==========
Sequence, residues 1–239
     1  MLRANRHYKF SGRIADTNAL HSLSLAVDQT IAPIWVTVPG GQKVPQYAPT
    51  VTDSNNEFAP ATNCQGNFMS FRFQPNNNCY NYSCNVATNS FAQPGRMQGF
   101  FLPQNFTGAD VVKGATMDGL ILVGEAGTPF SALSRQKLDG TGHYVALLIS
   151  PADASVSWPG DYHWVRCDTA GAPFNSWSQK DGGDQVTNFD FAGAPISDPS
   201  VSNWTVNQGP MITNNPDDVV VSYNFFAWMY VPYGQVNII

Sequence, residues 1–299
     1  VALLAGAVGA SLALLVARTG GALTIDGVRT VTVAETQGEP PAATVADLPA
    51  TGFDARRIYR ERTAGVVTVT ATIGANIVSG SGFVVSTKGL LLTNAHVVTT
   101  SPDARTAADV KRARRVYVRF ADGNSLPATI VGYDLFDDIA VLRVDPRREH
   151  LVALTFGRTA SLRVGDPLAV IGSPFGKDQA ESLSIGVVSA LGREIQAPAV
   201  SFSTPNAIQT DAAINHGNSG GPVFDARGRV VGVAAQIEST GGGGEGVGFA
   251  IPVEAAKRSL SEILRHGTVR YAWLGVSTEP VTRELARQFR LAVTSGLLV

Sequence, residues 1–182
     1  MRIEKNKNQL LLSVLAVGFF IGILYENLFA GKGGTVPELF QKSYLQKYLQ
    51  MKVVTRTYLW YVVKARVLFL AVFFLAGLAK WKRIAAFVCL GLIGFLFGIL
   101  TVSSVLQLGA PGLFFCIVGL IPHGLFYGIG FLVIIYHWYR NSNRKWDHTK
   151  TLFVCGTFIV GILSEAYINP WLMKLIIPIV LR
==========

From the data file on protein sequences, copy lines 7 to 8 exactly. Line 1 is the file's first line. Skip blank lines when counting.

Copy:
Sequence, residues 1–299
     1  VALLAGAVGA SLALLVARTG GALTIDGVRT VTVAETQGEP PAATVADLPA